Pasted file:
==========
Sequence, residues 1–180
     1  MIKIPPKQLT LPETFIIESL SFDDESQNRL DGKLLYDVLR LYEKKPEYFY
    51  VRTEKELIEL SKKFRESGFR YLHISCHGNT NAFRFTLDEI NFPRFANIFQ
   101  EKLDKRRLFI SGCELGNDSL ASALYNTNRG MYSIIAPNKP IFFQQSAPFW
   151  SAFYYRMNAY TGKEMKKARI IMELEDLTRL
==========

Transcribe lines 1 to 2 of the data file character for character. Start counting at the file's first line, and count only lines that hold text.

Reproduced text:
Sequence, residues 1–180
     1  MIKIPPKQLT LPETFIIESL SFDDESQNRL DGKLLYDVLR LYEKKPEYFY